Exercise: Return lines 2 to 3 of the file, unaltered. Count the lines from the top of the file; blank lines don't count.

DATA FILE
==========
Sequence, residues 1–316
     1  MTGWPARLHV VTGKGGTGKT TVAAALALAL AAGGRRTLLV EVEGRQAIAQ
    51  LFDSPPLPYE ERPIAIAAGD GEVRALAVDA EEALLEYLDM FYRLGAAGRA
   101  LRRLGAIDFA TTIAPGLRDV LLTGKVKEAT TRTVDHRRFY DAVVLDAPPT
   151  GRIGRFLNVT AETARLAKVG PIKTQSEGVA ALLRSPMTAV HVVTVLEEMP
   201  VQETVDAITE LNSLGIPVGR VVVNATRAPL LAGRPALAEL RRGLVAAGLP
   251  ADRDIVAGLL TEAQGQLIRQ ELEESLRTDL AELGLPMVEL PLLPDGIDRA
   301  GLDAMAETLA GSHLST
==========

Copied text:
     1  MTGWPARLHV VTGKGGTGKT TVAAALALAL AAGGRRTLLV EVEGRQAIAQ
    51  LFDSPPLPYE ERPIAIAAGD GEVRALAVDA EEALLEYLDM FYRLGAAGRA